Title: 31 Bond Street
Author: Ellen Horan
No. of Pages: 352
First Released: 2010
Synopsis (Courtesy of Powell’s Books): “The sensational murder of Dr. Harvey Burdell in his lower Manhattan townhouse was the biggest news story in the United States before the Civil War; Who killed Dr. Burdell? was the question that gripped the nation. Deftly interweaving fiction and fact, 31 Bond Street is a clever historical narrative that blends romance, politics, greed and sexual intrigue in a suspenseful drama.
When an errand boy discovers Burdell’s nearly decapitated body in the bedroom of his posh Bond Street home, there are no witnesses and virtually no clues. With the city up in arms over the vicious killing, District Attorney Abraham Oakey Hall immediately suspects Emma Cunningham, the striking young widow who has been living at 31 Bond Street with her two teenaged daughters, caring for Burdell’s home in exchange for a marriage proposal. But Burdell’s past is murky and his true intentions towards Emma Cunningham were questionable, leaving Emma with a plausible motive for murder. With the help of her defence attorney, Henry Clinton, Emma embarks on a legal drama to prove her innocence and spare herself from the gallows.
Set against the background of a bustling and corrupt New York City in 1857, 31 Bond Street is a fascinating archaeological dig, taking the reader through the minutiae of a buried past, only to uncover circumstances that are shockingly contemporary: a sensationalist press, burgeoning new wealth, a booming real estate market, and race and gender conflicts. Ellen Horan’s gripping novel vividly exposes a small slice of lost history as it explores New York City on the eve of the Civil War.”
Comments and Critique: With 31 Bond Street, Ms. Horan presents the reader with historical fiction at its finest. It is a story that is quite literally “ripped from the headlines”, with those headlines first printed in the 1850s. A real-life murder mystery, Ms. Horan does an excellent job of filling in the blanks, imagining the story behind the headlines and fleshing out characters that have long since been forgotten. Through her skill, the reader gets the pleasure of enjoying a well-written of literary fiction with enough fact interspersed to make the story truly compelling.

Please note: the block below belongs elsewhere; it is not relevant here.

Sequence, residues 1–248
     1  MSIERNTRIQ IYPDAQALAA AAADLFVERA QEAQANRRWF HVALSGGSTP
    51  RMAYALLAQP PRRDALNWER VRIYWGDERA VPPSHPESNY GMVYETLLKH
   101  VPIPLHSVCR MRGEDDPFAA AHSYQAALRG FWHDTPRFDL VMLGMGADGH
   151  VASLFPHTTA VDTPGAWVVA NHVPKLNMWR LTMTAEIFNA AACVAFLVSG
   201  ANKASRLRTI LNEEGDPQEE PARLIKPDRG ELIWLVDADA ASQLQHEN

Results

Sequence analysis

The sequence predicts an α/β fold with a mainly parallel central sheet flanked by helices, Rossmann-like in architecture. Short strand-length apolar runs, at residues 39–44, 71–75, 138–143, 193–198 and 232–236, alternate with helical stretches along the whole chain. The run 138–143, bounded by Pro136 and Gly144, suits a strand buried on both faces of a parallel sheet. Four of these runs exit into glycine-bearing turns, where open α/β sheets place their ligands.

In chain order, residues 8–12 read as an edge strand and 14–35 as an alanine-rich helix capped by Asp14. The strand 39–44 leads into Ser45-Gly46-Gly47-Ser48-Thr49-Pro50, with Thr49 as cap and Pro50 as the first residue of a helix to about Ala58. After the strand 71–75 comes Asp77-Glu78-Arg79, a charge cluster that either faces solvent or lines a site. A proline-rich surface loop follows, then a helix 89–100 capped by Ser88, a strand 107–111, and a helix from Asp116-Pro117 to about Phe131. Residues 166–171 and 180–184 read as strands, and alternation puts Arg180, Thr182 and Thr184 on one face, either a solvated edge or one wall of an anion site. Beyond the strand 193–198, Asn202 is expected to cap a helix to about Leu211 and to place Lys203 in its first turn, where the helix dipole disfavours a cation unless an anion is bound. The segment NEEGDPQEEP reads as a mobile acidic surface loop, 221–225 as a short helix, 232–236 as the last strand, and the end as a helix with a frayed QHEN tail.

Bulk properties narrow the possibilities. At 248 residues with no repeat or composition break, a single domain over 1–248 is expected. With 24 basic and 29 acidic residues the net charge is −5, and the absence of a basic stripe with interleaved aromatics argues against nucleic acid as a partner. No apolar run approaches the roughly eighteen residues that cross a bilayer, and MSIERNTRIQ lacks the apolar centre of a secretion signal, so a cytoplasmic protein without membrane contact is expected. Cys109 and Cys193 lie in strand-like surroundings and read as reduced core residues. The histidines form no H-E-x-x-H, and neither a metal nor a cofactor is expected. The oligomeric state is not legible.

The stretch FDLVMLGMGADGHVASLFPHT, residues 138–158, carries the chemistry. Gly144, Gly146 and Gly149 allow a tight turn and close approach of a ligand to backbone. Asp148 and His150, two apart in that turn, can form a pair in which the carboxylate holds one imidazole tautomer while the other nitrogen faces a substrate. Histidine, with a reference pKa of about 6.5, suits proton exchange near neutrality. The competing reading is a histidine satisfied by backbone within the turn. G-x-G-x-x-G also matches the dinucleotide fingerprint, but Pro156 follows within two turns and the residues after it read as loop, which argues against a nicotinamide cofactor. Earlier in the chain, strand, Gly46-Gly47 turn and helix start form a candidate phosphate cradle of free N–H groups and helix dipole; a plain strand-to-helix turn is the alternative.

The story unfolds methodically, switching narrators to allow new evidence to come to light. As a result, the reader never gets the chance to understand the full story until late in the novel, at which point in time the reader has become fully absorbed in the story. This switching of narrators, the back and forth battle for information, and the methodical “follow the evidence” approach to solving the mystery enhances the power of perception, which in turn leaves the reader waffling back and forth in one’s sympathies for the various characters. Enhancing the overall story is the addition of photographs of the real headlines from the actual murder. This drives home the fact that this is one story in which the historical aspect of the story outweighs the fiction.
Ms. Horan does an excellent job of bringing to live long-dead characters – Henry vs. Harvey, Elisabeth vs. Emma. Her descriptions are breath-taking and exact, allowing the reader to clearly understand what it was like to live in 1850s New York. The political undertone behind the murder itself remind the reader the tension that existed before the Civil War erupted. These all combine to create characters that pull a reader’s sympathies in various directions, rooting for one character versus another. Emotional involvement is always the hallmark of a well-written book, and 31 Bond Street meets that mark.
One of the most appealing aspects of the story are the questions remaining at the end. Did Emma, and all of the characters, get their just rewards for their actions? Where did each character go wrong? Could this entire situation have been avoided under similar circumstances? Ms. Horan could easily have addressed some of these questions in her novel but rather leaves them for the reader to ponder. As with the emotional involvement, this is an added benefit that enhances the entire novel.
Murder, mystery, intrigue, politics, a lush backdrop and rich setting combine to create an amazingly vivid, compelling novel. However, 31 Bond Street is not just for historical fiction lovers. Its study of criminal investigations and pre-Civil War detective work makes it a novel for fans of detective and suspense stories. Its mass appeal will make 31 Bond Street a story for the summer and beyond.
Purchased with my own money, this is the last selection for the Buy 1, Read 1 Book Challenge.